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ABOUT THE CBA

History

Armenia’s banking system: from the end of the 19th century up to 1991

 
 
 
On October 7, 1893, the Yerevan branch of the State Bank of Tsarist Russia was opened in Yerevan.
 
 
Photo: building of the Yerevan branch of the State Bank of the Russian Empire, Tsarskaya str. (now Arami str.).
 
At the start of the 20th century, concentration of capital was taking place in Armenia as capitalism developed. Branch offices of banks owned by merchants from Azov-Don, Volga-Kamsk, Tiflis and Caucasus on the whole opened up in Yerevan. The Public Town Bank opened up in Alexandrapol, Armenia.
 
In 1914, there were 10 banking institutions functioning in Yerevan. Banks were involved in commercial and industrial activities through investing in shareholding companies, in addition to their lending operations. In the times of civil wars the financial and credit system as well as money cycle were disrupted; financial rights were just a formality, while no framework was in place to regularize the functioning of treasuries.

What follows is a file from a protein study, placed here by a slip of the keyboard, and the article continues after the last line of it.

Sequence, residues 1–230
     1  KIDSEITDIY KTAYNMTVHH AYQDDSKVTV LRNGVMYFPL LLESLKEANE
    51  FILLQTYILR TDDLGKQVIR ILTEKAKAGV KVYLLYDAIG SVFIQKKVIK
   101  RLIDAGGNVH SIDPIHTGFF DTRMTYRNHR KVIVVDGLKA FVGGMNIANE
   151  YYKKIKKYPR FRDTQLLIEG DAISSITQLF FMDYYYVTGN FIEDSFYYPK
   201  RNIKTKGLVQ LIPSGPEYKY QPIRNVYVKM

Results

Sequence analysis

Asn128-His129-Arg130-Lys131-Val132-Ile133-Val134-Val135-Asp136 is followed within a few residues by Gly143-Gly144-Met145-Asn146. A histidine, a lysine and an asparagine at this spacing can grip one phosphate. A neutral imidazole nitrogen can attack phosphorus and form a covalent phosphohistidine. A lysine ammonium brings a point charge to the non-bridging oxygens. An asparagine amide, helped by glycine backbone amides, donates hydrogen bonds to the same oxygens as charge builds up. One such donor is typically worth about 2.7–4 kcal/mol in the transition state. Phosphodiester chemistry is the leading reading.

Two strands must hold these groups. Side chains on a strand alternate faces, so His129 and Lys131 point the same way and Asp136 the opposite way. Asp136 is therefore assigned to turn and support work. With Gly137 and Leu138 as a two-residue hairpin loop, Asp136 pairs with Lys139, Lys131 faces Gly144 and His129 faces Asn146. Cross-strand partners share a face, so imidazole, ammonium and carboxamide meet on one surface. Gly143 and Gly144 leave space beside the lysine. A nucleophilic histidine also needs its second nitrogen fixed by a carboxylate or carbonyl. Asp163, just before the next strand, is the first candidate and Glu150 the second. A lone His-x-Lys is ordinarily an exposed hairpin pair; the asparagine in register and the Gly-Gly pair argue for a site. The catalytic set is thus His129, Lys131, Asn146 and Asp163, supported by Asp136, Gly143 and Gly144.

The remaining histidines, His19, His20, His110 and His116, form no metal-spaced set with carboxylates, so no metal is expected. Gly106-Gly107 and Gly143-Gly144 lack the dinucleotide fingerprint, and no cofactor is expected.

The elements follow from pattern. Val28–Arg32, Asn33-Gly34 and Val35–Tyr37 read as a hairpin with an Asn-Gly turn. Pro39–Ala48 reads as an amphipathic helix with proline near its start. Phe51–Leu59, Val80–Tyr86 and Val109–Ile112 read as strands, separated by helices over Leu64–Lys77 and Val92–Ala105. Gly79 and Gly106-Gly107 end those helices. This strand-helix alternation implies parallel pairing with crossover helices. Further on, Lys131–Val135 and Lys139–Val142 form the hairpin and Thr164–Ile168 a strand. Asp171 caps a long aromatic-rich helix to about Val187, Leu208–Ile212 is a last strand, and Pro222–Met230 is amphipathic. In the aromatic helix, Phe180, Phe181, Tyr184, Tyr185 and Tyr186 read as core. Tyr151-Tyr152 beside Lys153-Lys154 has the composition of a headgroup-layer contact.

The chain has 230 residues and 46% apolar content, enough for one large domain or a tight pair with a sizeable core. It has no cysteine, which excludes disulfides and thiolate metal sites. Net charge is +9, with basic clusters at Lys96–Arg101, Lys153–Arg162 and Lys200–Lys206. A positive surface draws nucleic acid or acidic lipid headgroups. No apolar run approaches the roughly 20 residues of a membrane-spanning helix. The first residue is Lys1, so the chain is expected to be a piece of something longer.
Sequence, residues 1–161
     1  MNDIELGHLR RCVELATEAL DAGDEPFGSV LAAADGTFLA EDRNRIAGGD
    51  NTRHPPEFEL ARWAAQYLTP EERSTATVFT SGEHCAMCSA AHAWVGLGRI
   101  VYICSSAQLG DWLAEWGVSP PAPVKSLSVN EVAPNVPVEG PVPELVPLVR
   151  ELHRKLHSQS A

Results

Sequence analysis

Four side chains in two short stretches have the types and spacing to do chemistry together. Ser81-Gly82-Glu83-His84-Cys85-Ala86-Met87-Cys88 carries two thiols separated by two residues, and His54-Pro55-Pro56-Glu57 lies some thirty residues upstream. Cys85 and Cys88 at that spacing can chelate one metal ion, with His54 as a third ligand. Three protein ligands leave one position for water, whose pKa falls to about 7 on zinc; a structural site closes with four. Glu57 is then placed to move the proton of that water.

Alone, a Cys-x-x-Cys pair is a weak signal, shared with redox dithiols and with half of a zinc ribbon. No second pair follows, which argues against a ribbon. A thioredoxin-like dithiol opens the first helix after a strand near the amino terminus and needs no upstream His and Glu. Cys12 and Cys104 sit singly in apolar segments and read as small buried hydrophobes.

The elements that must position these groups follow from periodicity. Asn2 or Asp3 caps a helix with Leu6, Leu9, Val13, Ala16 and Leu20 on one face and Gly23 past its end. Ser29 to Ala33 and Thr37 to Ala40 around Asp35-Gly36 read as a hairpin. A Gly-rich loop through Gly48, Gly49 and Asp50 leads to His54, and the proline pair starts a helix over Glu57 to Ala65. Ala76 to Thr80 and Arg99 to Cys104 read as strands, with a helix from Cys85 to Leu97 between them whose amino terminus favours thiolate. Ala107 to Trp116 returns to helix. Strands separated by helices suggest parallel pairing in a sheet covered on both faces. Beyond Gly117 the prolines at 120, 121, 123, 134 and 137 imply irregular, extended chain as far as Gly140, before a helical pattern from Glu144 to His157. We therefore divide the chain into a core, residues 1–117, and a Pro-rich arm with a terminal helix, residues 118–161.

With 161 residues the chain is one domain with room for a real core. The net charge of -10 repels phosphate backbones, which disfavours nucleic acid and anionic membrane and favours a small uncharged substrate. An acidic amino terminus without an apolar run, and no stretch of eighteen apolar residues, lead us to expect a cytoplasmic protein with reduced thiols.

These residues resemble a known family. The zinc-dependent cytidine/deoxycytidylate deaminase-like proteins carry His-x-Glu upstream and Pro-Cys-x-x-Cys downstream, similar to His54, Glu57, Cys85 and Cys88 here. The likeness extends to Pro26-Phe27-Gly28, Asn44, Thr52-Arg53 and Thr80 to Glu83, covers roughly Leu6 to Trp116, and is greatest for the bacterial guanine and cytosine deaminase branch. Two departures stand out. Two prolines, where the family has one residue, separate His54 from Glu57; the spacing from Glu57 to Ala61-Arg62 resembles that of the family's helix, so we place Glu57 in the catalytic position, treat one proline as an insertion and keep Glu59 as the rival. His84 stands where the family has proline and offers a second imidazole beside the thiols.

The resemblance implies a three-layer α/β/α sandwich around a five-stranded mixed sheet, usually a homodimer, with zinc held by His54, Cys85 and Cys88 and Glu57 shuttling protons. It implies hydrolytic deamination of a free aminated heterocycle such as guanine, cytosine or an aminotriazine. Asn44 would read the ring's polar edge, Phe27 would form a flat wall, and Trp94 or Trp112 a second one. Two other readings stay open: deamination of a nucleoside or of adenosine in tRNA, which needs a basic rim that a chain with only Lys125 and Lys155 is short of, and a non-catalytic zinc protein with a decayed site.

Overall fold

In the aftermath of the October overturn in 1917, the Transcaucasia Commissariat was established, which included Armenia, Georgia and Azerbaijan. Khachatur Karchikyan was appointed as the Minister of Finance of the Transcaucasia Commissariat.
 
In May of 1918, the Transcaucasia Commissariat was dissolved, and establishment of three independent republics followed thereafter.
 
On May 28, 1918, Hovhannes Qajaznuni was appointed as Prime Minister and Sargis Araratyan and, later on Grigor Jaghetyan, as Minister of Finance of the First Republic of Armenia.